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Publication numberUS6977223 B2
Publication typeGrant
Application numberUS 10/794,610
Publication dateDec 20, 2005
Filing dateMar 5, 2004
Priority dateMar 7, 2003
Fee statusPaid
Also published asUS20040222102, WO2004080887A1
Publication number10794610, 794610, US 6977223 B2, US 6977223B2, US-B2-6977223, US6977223 B2, US6977223B2
InventorsPaul M. George, Robert S. Langer, David A. Lavan
Original AssigneeMassachusetts Institute Of Technology
Export CitationBiBTeX, EndNote, RefMan
External Links: USPTO, USPTO Assignment, Espacenet
Three dimensional microfabrication
US 6977223 B2
Abstract
Method for making three-dimensional structures. A template is provided having at least two conductive regions separated by a non-conductive region. The template is disposed in an electrolyte in an electrodeposition cell and a voltage is established between one of the conductive regions and an electrode in the cell. Material is deposited on the one of the conductive regions connected to the voltage and subsequently bridges to the other conductive region with material deposition continuing on both of the at least two regions. The non conductive region may be a gap and the gap dimension is selected to regulate height differences between the at least two conductive regions.
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Claims(14)
1. Method for making three-dimensional structures comprising:
providing a template having at least two conductive regions separated by a non-conductive region;
disposing the template in an electrolyte in an electrodeposition cell; and
establishing a voltage between only one of the conductive regions and an electrode in the cell, whereby material is deposited on the one of the conductive regions connected to the voltage and subsequently bridges to the other conductive regions with material deposition continuing on both of the at least two regions.
2. The method of claim 1 wherein the non-conductive region is a gap.
3. The method of claim 2 wherein the gap dimension is selected to regulate height differences between the at least two conductive regions.
4. The method of claim 2 wherein the gap dimension is in the range of 0.5–500 μm.
5. The method of claim 1 wherein the deposited material is a polymer.
6. The method of claim 5 wherein the polymer is polypyrrole.
7. The method of claim 1 wherein the deposited material is a metal.
8. The method of claim 7 wherein the metal is nickel.
9. The method of claim 1 wherein the deposited material is selected from the group consisting of metals, semiconductors, polymers, ceramics, drugs, biomolecules, mixtures of polymers for release of drugs and biomolecules, conductive polymers and conductive polymers with dopants.
10. The method of claim 1 wherein the 3D structures have substantially vertical side walls.
11. The method of claim 1 where in the 3D structures have non-vertical side walls.
12. The method of claim 1 wherein the 3D structures include alternating sacrificial and structural regions.
13. The method of claim 12 wherein sacrificial regions can be removed by dissolution or thermal decomposition.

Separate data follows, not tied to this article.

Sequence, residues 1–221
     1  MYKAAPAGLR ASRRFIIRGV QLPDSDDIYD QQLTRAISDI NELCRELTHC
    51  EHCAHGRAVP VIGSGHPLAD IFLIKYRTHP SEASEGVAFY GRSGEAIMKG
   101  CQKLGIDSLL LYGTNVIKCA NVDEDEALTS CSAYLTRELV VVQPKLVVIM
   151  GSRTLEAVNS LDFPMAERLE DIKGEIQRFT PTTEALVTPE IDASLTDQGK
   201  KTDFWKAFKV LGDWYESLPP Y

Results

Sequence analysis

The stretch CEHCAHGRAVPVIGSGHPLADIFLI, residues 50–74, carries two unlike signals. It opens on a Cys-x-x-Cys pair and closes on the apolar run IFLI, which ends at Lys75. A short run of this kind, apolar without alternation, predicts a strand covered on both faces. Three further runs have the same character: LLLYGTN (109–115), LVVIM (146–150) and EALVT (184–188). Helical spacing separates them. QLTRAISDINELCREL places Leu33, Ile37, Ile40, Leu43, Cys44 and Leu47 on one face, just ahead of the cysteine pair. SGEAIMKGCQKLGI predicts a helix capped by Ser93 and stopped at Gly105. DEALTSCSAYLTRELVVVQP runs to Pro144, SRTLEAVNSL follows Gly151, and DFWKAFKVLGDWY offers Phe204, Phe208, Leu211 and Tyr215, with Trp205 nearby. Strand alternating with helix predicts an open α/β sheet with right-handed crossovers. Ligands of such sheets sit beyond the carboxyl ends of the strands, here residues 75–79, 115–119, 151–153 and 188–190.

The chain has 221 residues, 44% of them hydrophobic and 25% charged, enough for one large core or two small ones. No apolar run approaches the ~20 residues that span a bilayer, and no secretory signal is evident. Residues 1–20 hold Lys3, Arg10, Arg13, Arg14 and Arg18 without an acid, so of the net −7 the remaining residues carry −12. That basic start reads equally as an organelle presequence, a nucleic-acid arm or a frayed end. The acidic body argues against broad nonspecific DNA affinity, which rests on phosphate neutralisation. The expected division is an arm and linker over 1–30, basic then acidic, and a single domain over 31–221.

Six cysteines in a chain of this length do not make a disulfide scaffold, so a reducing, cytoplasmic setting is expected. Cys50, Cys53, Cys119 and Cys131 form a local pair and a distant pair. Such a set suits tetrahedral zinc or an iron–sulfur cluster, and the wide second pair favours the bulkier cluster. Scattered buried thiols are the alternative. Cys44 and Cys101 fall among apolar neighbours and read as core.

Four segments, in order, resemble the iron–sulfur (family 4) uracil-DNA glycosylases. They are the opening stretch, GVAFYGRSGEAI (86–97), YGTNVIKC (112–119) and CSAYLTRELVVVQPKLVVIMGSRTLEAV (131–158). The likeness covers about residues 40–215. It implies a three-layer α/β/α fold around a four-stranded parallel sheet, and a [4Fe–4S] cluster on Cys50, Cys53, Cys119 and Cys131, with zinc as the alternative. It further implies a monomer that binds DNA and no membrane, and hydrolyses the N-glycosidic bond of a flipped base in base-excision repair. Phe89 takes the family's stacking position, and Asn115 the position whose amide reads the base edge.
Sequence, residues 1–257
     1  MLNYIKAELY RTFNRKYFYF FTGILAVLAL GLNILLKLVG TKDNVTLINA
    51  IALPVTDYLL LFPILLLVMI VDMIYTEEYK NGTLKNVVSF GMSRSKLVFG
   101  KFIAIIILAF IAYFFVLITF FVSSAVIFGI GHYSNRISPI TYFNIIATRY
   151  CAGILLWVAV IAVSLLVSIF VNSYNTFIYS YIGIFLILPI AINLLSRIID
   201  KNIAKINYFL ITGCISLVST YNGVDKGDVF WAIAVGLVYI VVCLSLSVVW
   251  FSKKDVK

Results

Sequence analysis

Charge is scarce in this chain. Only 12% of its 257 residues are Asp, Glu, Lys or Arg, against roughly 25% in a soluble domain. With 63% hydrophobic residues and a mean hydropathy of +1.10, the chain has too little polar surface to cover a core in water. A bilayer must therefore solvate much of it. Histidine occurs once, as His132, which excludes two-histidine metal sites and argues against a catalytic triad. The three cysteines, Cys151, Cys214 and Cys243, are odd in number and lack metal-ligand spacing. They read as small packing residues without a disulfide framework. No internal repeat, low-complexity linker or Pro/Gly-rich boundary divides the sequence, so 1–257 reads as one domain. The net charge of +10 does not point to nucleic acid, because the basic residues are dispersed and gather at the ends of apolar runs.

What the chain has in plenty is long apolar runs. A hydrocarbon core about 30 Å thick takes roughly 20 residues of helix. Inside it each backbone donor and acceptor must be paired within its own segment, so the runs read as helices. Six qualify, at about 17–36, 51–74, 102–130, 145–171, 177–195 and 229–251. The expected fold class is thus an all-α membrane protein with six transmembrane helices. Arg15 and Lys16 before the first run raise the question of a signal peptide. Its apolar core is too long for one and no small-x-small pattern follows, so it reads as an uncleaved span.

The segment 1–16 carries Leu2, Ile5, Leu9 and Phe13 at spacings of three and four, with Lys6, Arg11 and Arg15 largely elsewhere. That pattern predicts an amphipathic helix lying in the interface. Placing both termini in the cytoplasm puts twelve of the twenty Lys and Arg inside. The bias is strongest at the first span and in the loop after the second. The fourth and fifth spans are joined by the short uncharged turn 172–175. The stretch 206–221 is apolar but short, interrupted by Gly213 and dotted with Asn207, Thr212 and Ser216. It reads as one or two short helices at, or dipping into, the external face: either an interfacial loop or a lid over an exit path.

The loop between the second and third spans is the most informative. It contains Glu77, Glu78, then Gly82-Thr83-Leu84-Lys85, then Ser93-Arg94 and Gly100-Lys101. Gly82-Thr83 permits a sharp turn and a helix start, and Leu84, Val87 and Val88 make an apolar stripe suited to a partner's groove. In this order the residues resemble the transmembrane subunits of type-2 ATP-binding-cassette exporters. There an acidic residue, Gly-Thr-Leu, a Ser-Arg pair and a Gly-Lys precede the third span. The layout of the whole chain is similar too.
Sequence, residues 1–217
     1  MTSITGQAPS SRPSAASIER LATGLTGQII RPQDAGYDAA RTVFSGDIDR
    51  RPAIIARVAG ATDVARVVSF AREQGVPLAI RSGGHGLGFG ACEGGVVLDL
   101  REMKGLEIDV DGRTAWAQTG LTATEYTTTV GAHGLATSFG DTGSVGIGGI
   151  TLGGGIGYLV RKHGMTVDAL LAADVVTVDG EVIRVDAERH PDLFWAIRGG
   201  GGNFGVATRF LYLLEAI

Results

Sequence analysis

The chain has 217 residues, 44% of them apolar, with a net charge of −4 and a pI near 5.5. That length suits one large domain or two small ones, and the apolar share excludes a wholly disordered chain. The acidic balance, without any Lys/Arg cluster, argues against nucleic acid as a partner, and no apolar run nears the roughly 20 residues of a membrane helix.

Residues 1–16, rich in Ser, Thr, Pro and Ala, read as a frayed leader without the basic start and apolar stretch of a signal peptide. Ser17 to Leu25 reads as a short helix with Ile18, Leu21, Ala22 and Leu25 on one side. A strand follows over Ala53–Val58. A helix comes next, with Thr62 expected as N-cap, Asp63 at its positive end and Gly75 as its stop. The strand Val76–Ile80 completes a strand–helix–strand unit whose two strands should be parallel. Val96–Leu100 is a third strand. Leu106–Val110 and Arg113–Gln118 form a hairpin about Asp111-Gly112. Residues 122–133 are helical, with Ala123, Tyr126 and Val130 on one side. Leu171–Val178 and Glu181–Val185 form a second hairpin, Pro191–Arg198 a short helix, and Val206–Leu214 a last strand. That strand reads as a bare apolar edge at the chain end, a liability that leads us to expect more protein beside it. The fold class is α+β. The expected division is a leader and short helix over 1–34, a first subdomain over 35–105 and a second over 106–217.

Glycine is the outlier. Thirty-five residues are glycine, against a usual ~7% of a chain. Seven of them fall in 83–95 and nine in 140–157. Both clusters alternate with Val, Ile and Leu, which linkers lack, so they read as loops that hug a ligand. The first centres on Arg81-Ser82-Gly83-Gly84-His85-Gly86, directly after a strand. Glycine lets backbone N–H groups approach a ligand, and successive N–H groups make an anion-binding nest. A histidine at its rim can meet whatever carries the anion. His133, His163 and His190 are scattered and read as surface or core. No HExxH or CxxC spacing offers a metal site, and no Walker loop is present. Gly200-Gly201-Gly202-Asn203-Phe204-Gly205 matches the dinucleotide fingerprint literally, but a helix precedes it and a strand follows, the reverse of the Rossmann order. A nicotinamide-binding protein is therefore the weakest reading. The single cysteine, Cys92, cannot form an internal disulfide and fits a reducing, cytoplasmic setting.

14. The method of claim 12 wherein structural regions are soluble or susceptible to thermal decomposition.
Description
THREE DIMENSIONAL MICROFABRICATION

This application claims priority to provisional application Ser. No. 60/452,891 filed Mar. 7, 2003 entitled “Methods and Uses for Simple Three-Dimensional Microfabrication,” the contents of which are incorporated herein by reference.

BACKGROUND OF THE INVENTION

This invention relates to the three-dimensional microfabrication of structures and more particularly to the microfabrication of electrodeposited structures.

Making three-dimensional (3-D) micromachined objects is difficult using current techniques; there are few alternatives to using a large number process steps and photolithographic masks. An example is the formation of poly (dimethyl siloxane) (PDMS) replicas of micromachined master patterns for soft lithography and for the creation of microfluidic devices. See, A. Kumar, N. L. Abbott, H. A. Biebuyck, E. Kim, G. M. Whitesides, Acc. Chem Res. 1995, 28, 219; E. Kim, Y. Xia, G. M. Whitesides, J. Am. Chem. Soc. 1996, 118, 5722; and D. C. Duffy, J. C. McDonald, O. J. A. Schueller, G. M. Whitesides, Anal. Chem. 1998, 70, 4974. The fabrication of these microfluidic devices relies on bulk micromachining of silicon wafers or a thick layer of patterned photoresist to generate a master pattern—the reversed sense of the pattern is generated by casting a soft replica over this master. There is much interest in producing 3D structures using surface or bulk micromachining techniques for the creation of more complex masters for microfluidic devices, as well as for other uses. See, B. -H. Jo, D. J. Beebe, Proc. SPIE—Int. Soc. Opt. Eng. 1999, 3877, 222; O. Hoffman, G. Voirin, P. Niedermann, A. Manz, Anal. Chem. 2002, 74, 5243; and L. Griscom, P. Degenaar, B. LePioufle, E. Tamiya, H. Fujita, Jpn. J. Appl. Phys. Part 1 2001, 40, 5485. Much of the published work that describes 3D microfluidic devices relies on the layer-by-layer construction of the structures that requires a large number of masks and process steps and the awkward alignment and assembly of the individual layers. The master pattern shown in FIG. 1 demonstrates how easily a 3D microfluidic master can be formed, in this case, a gold film patterned onto a silicon nitride covered wafer. The technique can create devices with a large ratio between the thickest and thinnest structures (a ratio of 50:1 has been fabricated).

Pyrrole films have been extensively electrodeposited for more than 20 years and various dopants have been used. A. F. Diaz, K. K. Kanazawa, G. P. Gardini, J. Chem. Soc. Chem. Commun. 1979, 635; G. Sabouraud, S. Sadki, N. Brodie, Chem Soc. Rev. 2000, 29, 283. Of special interest for this technique are dopants that are highly chemically resistant since microfabrication often involves aggressive cleaning and etching steps. Although the exact mechanism for electrodeposition of polypyrrole (PPy) is not fully understood, it involves the oxidation of the pyrrole monomer followed by several chemical and electron-transfer reactions. G. Sabouraud, S. Sadki, N. Brodie, Chem Soc. Rev. 2000, 29, 283. Pyrrole electropolymerization propagates with a 3D nucleation/growth pattern under charge transfer control. Films grow with different time constants in the upward and lateral directions. M. E. G. Lyons, Adv. Chem. Phys. 1996, 94, 297. The time constants vary as a function of current density, temperature, dopants, etc.